Reflections on The Cost of Discipleship – Chapters 12-13

Ted (not his real name) saw me as a rival, set me up for failure, then watched from the sidelines as his manipulative plan unfolded. When I confronted him, Ted gave me the verbal equivalent of a cold shoulder, saying, “I’m sorry you feel that way.”

Fast forward a couple of years. He was applying for a position with a local non-profit, and someone connected with the organization had heard that I knew Ted. A representative from the organization called me to ask questions about Ted’s qualifications.

Ted was qualified for the job, but I could have chosen to give him a lousy reference to even the score for what he’d done to me. The words, “This is a test” flashed across my mind like a warning light. I took a slow breath, long enough to pray and ask for God’s help. I measured my words during the call, and heard a couple of weeks later that Ted had gotten the job. I still had a long way to go in my process of forgiving Ted 70 x 7 times, but at some point on my ongoing uphill climb, I was more than a little surprised to discover I’d relinquished my desire for revenge. I am not telling you this so you’ll think I’ve figured out how to love an enemy. I am telling you this because it was a hard, repetitive journey to get to that point in the process, and continued to be difficult for a long time after that phone call. 

Jesus bluntly calls the evil person evil. If I am assailed, I am not to condone or justify aggression. Patient endurance of evil does not mean a recognition of its right. This is sheer sentimentality, and Jesus will have nothing to do with it. The shameful assault, the deed of violence and the act of exploitation are still evil. The disciple must realize this, and bear witness to it as Jesus did, just because this is the only way evil can be met and overcome.

In those words, Dietrich Bonhoeffer is not advocating passivity in the face of evil, but the effects of the intentional decision to walk with Jesus through the valley of the shadow and toward the cross. I have been blogging through Dietrich Bonhoeffer’s The Cost of Discipleship (click here for previous links), and am up to the point in his exposition of the Sermon on the Mount where he talks about how we are to engage with our enemies.

Bonhoeffer takes on the distinction made by the Reformers, noting that they “…distinguished between personal sufferings and those incurred by Christians in the performance of duty as bearers of an office ordained by God, maintaining that the precept of non-violence applies to the first but not the second.” He noted that this convenient bifurcation was used by those Reformers to justify war and other civil actions, and then points out that Jesus never made this kind of distinction anywhere in his body of teaching. “Jesus…tells us that it is just because we live in the world, and just because the world is evil, that the precept of non-violence must be put into practice.”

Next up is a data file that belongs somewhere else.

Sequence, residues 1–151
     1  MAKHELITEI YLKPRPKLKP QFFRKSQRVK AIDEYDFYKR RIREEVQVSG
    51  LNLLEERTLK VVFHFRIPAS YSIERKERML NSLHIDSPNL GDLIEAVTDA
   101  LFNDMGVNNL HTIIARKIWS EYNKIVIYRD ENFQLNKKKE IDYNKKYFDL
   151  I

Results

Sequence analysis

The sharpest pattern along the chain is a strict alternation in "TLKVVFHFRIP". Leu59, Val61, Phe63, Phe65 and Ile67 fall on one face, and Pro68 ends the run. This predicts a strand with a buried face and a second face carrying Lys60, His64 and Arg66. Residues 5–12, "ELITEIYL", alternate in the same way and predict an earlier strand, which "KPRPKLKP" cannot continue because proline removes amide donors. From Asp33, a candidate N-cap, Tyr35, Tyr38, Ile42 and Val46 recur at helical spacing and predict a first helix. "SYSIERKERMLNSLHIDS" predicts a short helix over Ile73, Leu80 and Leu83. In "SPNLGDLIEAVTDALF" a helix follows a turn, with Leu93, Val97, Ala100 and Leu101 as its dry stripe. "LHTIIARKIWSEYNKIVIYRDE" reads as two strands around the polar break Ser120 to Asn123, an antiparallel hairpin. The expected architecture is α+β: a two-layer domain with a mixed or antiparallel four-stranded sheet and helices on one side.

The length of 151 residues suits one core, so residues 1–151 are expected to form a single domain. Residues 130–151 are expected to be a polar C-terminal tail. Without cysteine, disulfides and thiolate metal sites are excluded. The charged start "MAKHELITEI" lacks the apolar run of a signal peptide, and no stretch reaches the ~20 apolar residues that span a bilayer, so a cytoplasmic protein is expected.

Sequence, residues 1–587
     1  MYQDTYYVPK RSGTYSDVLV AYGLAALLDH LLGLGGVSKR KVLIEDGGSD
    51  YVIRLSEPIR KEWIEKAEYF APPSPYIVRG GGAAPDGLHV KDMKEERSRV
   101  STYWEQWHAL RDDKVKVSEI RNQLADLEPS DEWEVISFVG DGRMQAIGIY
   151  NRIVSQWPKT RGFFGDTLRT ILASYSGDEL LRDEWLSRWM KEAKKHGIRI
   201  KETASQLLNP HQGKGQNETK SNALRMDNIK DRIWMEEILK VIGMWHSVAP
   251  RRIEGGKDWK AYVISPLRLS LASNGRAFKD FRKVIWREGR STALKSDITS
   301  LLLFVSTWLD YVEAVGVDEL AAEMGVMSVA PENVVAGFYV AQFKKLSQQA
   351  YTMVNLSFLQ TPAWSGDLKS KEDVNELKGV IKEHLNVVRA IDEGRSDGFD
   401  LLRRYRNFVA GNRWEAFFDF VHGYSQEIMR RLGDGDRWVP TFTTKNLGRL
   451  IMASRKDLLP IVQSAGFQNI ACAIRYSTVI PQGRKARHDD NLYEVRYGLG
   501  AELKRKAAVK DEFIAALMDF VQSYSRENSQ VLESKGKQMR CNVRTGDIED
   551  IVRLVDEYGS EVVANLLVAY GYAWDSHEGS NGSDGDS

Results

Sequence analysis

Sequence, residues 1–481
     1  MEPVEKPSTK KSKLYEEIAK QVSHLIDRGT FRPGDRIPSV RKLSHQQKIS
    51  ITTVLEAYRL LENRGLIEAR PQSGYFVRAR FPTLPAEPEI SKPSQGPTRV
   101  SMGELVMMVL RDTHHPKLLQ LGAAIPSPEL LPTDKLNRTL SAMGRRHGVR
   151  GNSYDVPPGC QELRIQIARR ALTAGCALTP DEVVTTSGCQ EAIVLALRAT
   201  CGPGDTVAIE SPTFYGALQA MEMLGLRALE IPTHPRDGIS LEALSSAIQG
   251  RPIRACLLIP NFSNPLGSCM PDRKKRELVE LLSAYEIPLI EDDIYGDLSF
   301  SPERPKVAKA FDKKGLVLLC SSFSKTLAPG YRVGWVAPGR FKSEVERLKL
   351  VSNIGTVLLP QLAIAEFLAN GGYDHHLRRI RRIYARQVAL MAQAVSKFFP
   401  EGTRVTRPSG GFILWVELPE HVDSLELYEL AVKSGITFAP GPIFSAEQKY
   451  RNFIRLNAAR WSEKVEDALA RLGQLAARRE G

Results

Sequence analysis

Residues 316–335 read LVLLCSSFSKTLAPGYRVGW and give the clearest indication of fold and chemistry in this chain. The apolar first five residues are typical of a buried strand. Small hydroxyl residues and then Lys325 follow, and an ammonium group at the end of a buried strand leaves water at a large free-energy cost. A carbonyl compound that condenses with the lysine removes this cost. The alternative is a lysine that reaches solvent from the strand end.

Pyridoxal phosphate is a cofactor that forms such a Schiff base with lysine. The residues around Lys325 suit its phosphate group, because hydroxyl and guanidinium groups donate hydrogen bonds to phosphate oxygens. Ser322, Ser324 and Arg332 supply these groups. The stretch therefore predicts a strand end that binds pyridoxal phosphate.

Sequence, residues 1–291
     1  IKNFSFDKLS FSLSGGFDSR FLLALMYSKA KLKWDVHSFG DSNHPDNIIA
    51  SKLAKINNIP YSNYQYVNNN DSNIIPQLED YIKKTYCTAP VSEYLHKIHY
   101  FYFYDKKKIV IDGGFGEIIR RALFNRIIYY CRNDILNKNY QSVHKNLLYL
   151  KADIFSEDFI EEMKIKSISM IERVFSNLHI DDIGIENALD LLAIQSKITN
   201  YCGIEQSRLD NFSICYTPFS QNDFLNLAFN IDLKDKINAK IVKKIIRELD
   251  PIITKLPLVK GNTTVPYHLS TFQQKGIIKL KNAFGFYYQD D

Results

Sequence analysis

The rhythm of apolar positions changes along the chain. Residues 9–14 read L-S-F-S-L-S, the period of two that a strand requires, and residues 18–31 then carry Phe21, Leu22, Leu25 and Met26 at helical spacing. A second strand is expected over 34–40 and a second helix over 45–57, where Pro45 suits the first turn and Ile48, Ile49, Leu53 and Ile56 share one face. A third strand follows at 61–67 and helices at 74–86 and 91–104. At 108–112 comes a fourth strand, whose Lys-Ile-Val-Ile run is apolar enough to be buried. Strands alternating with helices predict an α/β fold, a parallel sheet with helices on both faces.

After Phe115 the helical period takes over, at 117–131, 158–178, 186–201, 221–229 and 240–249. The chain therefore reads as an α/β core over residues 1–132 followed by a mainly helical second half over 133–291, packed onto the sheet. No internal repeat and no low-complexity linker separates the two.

Chapters 12 and 13 in The Cost of Discipleship cover Matthew 5:38-48. Jesus has some scorching and difficult words about how we’re supposed to deal with our enemies. He says our propensity to love those who love us has an earthly reward, but calls us to the kind of maturity that goes the second mile and gives sacrificially to an enemy. It feels heroic to read those words; it is another thing entirely to have to do the impossible thing and love the way Jesus is asking us. This love has nothing to do with warm feelings and Hallmark sentiment, but is the kind of excruciating action that requires communion with the Lover of our souls in order to do. 

This commandment, that we should love our enemies and forego revenge will grow even more urgent i the holy struggle which lie before us and in which we partly here have already been engaged for years. In it love and hate engage in mortal combat. It is the urgent duty of every Christian soul to prepare itself for it. 

With those words, Bonhoeffer names a big gaping hole in the way in which some approach discipleship today. Positive, encouraging Christian lifestyle choices will never lead us to prepare for our role in that kind of warfare, but the cross will. Every time. 

Reflect: Have you ever desired revenge? Have you acted on that desire? 

Prayer: Jesus, i can not love my enemies. Not the way you’re asking. Not in my own strength. And so I come to you now, and ask for the strength to take the first step as I begin to walk that second mile. I can not do this without you.   

Cover photo by Stillness InMotion on Unsplash


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One thought on “Reflections on The Cost of Discipleship – Chapters 12-13”

  1. Love of enemy is an “excruciating action.” Very well put. And yes, “excruciating,” a cross to bear. Thank you for this well-written reflection.

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